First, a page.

Jun 28, 2011 at 2:20 pm #1276041
I have a GG SpinnTwinn and have been setting it up with my trekking poles placed directly in the grommets, which is how they do it in the video on the GG website. However, I've noticed in a lot of pictures that tarps like this are often set up with the guyline wrapped around the trekking pole, which is a few inches away from the tarp itself. Is there a reason why you would do it one way instead of the other? Maybe first way if you have adjustable trekking poles and second way if they are fixed length?Jun 28, 2011 at 2:31 pm #1754061
@brooklynkayakLocale: Atlantic North East
Placing your poles a few inches away gives you more room around the shelter.
Less chance of bumping your poles and shaking morning dew loose and many other reasons.
Pitching with the poles close gives a more rigid pitch, less flapping in wind.Jun 28, 2011 at 4:41 pm #1754112
I much prefer wrapping ridge lines around the trekking poles for a few reasons:
– My GG LT4s have optional baskets. I leave them at home to save weight in the summer. If I slip the webbing of my shelter over the pointy end of the pole, there is nothing to hold it there, it just slips down. (grommet may be small enough to catch just on the tip.)
– Putting my trekking poles upright keeps them cleaner. I also read about an animal gnawing the foam off an inverted trekking pole. I'd rather that not happen.
– More space around tarp opening like Steve said.
– I actually think it is more stable than upside down in that in decently firm ground I can stick my pole into the ground nice and firmly.Jun 29, 2011 at 4:28 pm #1754482
I also place my poles a few inches away as I feel it gives a tighter pitch. However I will say I use a clove hitch rather than a simple wrap around the handle. I feel it holds the handle better as well as allows me to move the pole within the line with relative ease.Jul 4, 2011 at 9:30 pm #1756013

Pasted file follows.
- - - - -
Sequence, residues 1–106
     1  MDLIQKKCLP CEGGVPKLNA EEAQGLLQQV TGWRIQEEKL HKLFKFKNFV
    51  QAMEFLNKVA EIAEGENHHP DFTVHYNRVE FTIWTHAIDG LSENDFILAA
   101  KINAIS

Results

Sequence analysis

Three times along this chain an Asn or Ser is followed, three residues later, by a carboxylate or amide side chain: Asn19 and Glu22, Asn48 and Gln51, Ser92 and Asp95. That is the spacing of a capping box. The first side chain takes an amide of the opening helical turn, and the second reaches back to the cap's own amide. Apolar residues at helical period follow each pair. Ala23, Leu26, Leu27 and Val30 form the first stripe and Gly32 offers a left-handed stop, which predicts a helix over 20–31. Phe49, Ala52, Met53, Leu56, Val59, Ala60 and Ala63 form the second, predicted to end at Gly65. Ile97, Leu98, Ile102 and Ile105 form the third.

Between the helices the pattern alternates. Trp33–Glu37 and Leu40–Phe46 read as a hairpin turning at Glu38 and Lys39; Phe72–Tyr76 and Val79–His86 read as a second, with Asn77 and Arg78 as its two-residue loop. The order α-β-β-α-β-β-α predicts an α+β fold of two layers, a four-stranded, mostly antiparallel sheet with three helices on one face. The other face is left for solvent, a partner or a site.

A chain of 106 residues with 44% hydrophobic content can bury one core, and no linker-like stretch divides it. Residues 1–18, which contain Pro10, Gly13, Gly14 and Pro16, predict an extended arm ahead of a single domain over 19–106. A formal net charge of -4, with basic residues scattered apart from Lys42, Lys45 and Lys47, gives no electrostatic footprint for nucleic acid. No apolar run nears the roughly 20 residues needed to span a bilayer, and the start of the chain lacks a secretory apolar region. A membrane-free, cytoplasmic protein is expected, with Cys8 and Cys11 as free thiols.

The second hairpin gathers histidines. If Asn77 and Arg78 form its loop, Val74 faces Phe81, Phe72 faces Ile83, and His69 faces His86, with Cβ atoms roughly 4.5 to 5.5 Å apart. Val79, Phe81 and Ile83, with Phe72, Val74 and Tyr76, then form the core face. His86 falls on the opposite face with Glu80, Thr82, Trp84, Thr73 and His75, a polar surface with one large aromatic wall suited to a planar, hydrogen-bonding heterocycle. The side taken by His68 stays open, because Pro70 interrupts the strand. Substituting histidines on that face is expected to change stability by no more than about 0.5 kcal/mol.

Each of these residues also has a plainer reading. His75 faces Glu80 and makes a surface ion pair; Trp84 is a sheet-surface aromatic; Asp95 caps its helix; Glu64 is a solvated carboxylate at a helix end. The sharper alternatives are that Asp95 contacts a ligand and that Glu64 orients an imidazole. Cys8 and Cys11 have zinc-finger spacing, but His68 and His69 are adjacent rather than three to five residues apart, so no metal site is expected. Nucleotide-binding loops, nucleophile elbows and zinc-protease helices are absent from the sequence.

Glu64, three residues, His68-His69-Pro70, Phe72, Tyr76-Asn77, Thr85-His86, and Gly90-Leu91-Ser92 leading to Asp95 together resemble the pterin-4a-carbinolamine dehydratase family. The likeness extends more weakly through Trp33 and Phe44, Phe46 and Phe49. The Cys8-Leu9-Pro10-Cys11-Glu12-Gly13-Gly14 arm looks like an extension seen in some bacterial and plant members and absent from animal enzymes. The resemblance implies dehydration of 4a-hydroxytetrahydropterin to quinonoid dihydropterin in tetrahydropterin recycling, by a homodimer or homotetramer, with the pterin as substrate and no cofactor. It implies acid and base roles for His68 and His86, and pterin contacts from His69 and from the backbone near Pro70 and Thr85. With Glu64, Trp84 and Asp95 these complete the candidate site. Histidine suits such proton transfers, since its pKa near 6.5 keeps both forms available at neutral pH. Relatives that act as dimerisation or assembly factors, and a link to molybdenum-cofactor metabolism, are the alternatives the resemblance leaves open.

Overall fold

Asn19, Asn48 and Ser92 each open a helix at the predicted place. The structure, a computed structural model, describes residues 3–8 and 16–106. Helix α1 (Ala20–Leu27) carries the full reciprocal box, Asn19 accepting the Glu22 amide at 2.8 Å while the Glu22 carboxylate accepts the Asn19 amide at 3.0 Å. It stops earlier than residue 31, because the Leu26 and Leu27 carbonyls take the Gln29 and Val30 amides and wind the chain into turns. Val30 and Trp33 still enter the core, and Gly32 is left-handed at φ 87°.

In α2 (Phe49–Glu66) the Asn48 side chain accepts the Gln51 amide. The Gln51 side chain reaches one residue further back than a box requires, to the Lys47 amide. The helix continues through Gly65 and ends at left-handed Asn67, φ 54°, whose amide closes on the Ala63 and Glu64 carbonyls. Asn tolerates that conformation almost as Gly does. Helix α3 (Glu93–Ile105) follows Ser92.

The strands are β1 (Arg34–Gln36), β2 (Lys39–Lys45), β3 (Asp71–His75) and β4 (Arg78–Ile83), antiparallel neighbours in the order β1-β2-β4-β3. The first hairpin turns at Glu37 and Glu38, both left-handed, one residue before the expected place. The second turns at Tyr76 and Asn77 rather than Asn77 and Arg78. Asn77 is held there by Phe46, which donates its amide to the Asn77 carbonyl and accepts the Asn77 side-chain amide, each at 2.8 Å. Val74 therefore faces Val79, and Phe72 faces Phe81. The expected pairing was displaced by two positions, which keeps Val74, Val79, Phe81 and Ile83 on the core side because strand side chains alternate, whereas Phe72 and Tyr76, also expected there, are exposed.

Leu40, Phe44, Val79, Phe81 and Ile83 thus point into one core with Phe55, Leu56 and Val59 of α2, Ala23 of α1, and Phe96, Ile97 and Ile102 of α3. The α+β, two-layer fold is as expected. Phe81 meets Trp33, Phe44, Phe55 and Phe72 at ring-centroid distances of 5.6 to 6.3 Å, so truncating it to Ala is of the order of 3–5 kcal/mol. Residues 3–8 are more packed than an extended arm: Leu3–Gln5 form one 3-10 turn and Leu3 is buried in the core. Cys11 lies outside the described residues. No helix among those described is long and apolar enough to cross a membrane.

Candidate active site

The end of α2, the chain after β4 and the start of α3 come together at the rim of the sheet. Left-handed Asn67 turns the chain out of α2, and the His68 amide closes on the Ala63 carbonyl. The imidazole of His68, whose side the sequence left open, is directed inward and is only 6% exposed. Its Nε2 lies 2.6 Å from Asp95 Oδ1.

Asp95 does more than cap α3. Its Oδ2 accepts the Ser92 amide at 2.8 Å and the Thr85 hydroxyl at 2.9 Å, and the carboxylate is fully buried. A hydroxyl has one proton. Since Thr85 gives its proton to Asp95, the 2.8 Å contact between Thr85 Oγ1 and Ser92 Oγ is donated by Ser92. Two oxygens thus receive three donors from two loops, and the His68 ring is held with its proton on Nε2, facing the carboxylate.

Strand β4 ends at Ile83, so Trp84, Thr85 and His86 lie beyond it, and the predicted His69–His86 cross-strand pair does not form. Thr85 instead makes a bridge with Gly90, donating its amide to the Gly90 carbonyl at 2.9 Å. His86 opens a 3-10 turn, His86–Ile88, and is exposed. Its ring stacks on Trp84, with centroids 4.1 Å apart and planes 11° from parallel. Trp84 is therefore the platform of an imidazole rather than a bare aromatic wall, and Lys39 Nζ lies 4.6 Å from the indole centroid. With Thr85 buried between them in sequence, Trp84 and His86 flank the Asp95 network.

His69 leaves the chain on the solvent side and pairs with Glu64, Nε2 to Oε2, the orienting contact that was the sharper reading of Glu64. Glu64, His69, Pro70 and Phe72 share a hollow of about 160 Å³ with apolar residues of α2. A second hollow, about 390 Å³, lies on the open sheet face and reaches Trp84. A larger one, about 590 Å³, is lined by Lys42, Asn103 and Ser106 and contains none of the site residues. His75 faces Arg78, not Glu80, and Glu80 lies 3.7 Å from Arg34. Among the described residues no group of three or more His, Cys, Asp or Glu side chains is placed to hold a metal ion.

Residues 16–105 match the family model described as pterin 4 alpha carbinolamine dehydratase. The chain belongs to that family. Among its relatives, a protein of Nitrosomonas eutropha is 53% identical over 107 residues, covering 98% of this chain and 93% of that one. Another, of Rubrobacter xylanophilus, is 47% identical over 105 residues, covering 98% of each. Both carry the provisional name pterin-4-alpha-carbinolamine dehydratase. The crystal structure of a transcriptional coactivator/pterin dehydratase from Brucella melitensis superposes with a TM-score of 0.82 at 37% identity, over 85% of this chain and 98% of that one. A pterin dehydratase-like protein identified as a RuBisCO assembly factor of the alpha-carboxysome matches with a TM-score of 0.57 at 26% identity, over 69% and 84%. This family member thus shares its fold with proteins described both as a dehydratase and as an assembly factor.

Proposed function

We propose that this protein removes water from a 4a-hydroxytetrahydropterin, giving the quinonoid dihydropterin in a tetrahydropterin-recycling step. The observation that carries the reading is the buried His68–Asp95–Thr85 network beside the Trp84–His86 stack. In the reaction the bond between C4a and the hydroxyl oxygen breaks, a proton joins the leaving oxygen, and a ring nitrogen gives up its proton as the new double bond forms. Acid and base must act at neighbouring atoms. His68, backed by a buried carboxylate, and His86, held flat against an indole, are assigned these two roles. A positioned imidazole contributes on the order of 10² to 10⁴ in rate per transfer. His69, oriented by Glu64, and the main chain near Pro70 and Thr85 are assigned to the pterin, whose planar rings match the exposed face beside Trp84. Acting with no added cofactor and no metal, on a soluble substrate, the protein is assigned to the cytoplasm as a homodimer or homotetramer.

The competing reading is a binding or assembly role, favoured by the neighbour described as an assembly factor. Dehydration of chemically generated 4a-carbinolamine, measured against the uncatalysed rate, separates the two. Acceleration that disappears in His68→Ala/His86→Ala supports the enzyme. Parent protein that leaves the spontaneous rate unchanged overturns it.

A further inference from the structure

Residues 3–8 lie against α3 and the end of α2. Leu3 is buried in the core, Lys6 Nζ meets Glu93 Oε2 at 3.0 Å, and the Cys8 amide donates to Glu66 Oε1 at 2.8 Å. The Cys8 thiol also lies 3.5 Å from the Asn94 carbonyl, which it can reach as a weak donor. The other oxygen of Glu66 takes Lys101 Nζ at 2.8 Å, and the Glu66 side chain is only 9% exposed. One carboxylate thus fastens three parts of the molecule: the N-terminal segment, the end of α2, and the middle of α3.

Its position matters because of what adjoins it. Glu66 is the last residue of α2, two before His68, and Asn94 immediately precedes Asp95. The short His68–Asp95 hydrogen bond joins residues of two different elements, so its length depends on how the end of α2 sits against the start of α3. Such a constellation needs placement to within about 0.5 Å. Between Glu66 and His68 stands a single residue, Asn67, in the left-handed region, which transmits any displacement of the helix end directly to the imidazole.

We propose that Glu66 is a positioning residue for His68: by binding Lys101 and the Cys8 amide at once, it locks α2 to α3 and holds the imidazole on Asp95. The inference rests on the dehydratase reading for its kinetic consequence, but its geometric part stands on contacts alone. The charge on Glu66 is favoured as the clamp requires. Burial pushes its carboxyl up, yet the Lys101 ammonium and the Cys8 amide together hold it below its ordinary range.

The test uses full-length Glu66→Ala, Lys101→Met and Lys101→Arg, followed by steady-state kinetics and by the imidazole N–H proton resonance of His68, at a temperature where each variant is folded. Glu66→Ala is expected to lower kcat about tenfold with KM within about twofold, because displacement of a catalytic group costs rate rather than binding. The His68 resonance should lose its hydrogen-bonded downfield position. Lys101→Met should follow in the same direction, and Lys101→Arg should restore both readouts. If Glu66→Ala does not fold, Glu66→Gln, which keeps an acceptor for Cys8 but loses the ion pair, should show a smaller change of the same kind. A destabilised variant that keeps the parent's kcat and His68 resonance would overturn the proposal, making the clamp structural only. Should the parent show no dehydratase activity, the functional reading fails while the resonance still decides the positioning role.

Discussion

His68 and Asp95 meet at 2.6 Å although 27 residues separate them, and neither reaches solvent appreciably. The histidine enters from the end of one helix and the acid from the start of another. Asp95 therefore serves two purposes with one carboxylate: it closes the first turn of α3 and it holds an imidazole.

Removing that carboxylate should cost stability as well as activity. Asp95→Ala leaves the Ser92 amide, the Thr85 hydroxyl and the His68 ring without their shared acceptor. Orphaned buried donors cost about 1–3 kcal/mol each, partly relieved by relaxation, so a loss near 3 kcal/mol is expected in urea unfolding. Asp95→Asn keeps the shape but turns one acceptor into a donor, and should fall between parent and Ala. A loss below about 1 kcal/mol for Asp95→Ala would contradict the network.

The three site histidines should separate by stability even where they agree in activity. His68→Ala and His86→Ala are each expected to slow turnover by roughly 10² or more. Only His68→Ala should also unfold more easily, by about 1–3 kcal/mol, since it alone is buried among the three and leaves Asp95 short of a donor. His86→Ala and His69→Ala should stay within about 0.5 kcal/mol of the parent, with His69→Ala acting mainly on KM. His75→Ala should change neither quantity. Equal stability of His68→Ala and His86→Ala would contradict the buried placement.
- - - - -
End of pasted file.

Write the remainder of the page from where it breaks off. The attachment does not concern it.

Adjustable trekking poles like the TiGoats and GG LT4s can get water in them if left overnight in a rain storm inverted. Water get in between the upper and lower section and eventually rusts the metal bits inside. (The GG poles have O-Ring to help prevent this.)Jul 5, 2011 at 7:23 am #1756059
@brooklynkayakLocale: Atlantic North East
Yes, one of my biggest complaints with pole manufacturers is the way they use parts that oxide easily.
This is especially a problem around sea water. Stainless steel instead of carbon steel would have been a wiser and relatively inexpensive option.
I have had aluminum poles pit from oxidation. A light go over with steel wool takes car of it. Carbon is better in that respect.
It's too bad there aren't carbon poles that don't use easily oxidizable components.Jul 5, 2011 at 6:25 pm #1756285
I don't like a pole tip in a grommet because a stiff wind can lift the grommet up, then set the tarp on the tip….rip…. OS.
I like tip down, because that sticks better, and as an added benefit, keeps the handle out of the mud, keeps the handle away from critters, and keeps water out to the pole.
They do add weight, but it's a trade-off I can live with.Jul 5, 2011 at 6:43 pm #1756294
What benefits to the caps gives you for the weight vs. wrapping the guy lines around the poles? (https://www.facebook.com/photo.php?pid=33497005&l=272efec9ac&id=17506531)
I studied Roleigh's Hexamid Twin with the cap on the rear pole and did not see a benefit, but I don't know everything of course.
Thanks.Jul 5, 2011 at 7:01 pm #1756300
The wrap shown in that photo will "roll" away from the tent/tarp.
A clove hitch would be much better.
And I can throw on a clove hitch pretty quickly.
But for me, a pole pocket is just easier.
Plus, not all our adjustable poles have Leki grips – mine are inverted tapered EVA foam.Jul 5, 2011 at 7:05 pm #1756303
Another advantage to the pole being set a little bit away from the tarp is that you can pitch the tarp lower. When I want to pitch the tarp lower than my trekking pole will collapse, I can stake the sides low, then run the ridge line (almost always in back) up to near the handle of the collapsed pole. I tie the clove hitch just above a piece of duct tale I store there on the pole.Jul 5, 2011 at 7:34 pm #1756312
Gotcha on the caps.
I've never had a pole roll away from my tarp in a few years now. The pole is driven into the ground. If it wants to roll away it needs two things IMO: 1) twisting on the pole, not sure how wind would do that and 2) the pole driven into the ground has to move closer or farther from the tarp. I actually adjust my pole once in awhile when the pitch doesn't go quite right by picking the pole up off the ground where it is planted and twisting it nearer or farther away from the tarp. I haven't been in weather conditions where wind could do both of those actions.
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